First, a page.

Concerns about over-treatment have led to practice guidelines discouraging active treatment of prostate cancer (PCa) in men with limited life expectancies and/or low-risk tumors. We evaluated treatment patterns for older veterans with localized PCa, particularly those with low-risk features.
FREE DAILY AND WEEKLY NEWSLETTERS OFFERED BY CONTENT OF INTEREST
Did you find this article relevant? Subscribe to UroToday-GUOncToday!
The fields of GU Oncology and Urology are advancing rapidly including new treatments, enrolling clinical trials, screening and surveillance recommendations along with updated guidelines. Join us as one of our subscribers who rely on UroToday as their must-read source for the latest news and data on drugs. Sign up today for blogs, video conversations, conference highlights and abstracts from peer-review publications by disease and condition delivered to your inbox and read on the go.
We used VA Cancer Registry data to identify men aged 65+ diagnosed with clinically localized PCa between January 1st, 2003 and December 31st, 2008 We obtained baseline data on demographics, tumor characteristics, comorbidities, and initial treatment within 6 months of diagnosis: radical prostatectomy, radiotherapy, primary androgen-deprivation therapy (PADT), or no active treatment National VA surveys provided facility data, including academic affiliation, availability of oncologic specialists, and distance to radiotherapy facilities Multinomial regression analyses determined associations between patient and facility characteristics and cancer treatment for men with localized (stage<III) and low-risk PCa (stage≤IIa, PSA<10ng/mL, Gleason ≤6)
17,206 veterans had localized PCa, 32% age 75+, 12% had comorbidity scores ≥3, and 33% had low-risk tumors Overall, 39% received radiotherapy, 6% surgery, 20% PADT, and 35% no active treatment For those with low-risk cancers, older men (RR=0 36, 95% CI 0 30-0 43) and sicker men (RR=0 75, 95% CI 0 62-0 90) were less likely to receive surgery or radiotherapy versus no active treatment Over time, more of these men received no active treatment (from 41% to 57%, P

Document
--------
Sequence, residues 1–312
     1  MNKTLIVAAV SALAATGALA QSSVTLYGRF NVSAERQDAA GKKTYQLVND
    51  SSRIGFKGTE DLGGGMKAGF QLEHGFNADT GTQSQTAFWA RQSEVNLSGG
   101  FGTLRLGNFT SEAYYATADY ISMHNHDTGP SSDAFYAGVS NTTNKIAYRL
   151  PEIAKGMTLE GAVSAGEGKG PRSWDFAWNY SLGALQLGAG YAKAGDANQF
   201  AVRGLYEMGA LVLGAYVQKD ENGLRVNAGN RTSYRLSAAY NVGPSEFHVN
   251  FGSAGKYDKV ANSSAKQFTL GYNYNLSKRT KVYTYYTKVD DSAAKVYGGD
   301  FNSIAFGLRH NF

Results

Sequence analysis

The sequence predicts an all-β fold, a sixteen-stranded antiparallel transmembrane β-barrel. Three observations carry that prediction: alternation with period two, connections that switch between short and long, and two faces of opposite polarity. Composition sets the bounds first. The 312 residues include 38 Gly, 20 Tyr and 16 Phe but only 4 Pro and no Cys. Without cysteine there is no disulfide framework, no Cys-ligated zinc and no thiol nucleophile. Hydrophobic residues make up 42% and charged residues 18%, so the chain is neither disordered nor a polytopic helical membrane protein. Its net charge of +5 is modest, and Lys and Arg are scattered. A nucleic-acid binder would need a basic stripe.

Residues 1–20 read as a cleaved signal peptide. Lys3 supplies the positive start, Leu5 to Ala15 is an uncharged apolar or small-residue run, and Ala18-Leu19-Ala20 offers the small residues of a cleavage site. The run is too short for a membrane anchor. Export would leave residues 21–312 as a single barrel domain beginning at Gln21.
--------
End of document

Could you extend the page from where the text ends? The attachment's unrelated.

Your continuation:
VA treatment patterns followed evidence-based guidelines against treating older and sicker men with surgery or radiotherapy, for decreasing use of PADT, and for increasingly withholding active treatment, particularly for men with low-risk PCa
Cancer epidemiology 2015 Jul 27 [Epub ahead of print]
Richard M Hoffman, Ying Shi, Stephen J Freedland, Nancy L Keating, Louise C Walter
Department of Medicine, University of Iowa Carver College of Medicine, Iowa City, Iowa, USA Electronic address: richard-m-hoffman@uoiwa edu , San Francisco VA Medical Center, San Francisco, California, USA; Division of Geriatrics, Department of Medicine, University of California, San Francisco, California, USA Electronic address: Ying Shi2@va gov , Urology Division, Department of Surgery, Cedars-Sinai Medical Center, Los Angeles, California, USA Electronic address: stephen freedland@cshs org , Department of Health Care Policy, Harvard Medical School, and Division of General Internal Medicine, Brigham and Women's Hospital, Boston, Massachusetts, USA Electronic address: keating@hcp med harvard edu , San Francisco VA Medical Center, San Francisco, California, USA; Division of Geriatrics, Department of Medicine, University of California, San Francisco, California, USA Electronic address: louise walter@ucsf edu